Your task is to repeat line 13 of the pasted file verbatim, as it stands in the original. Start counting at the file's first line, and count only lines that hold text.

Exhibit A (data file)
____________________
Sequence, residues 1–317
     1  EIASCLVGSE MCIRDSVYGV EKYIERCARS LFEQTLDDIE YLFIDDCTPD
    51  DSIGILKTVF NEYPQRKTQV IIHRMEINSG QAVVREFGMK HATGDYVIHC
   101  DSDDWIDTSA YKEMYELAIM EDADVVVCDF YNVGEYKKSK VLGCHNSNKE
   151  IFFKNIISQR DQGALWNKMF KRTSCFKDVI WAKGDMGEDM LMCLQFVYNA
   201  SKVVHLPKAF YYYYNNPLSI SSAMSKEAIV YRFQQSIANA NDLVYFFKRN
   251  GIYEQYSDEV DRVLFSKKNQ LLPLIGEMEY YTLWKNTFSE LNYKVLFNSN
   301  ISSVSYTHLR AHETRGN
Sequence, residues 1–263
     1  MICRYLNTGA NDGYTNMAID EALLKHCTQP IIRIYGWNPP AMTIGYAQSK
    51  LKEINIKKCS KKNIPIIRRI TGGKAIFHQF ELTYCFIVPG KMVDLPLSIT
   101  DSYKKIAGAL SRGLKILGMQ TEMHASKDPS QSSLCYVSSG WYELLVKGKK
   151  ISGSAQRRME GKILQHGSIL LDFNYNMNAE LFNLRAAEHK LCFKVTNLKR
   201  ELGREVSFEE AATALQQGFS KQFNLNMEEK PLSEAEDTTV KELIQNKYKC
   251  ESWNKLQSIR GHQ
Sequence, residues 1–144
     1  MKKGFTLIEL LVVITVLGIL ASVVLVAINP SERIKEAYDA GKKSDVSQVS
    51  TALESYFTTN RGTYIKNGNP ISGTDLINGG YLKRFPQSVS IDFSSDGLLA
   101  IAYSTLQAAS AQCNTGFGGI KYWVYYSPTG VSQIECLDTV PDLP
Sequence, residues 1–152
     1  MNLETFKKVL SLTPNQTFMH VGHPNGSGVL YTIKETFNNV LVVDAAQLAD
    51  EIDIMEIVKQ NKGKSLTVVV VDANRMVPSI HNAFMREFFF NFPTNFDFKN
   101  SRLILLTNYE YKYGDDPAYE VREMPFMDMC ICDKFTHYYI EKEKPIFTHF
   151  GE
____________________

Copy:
   151  ISGSAQRRME GKILQHGSIL LDFNYNMNAE LFNLRAAEHK LCFKVTNLKR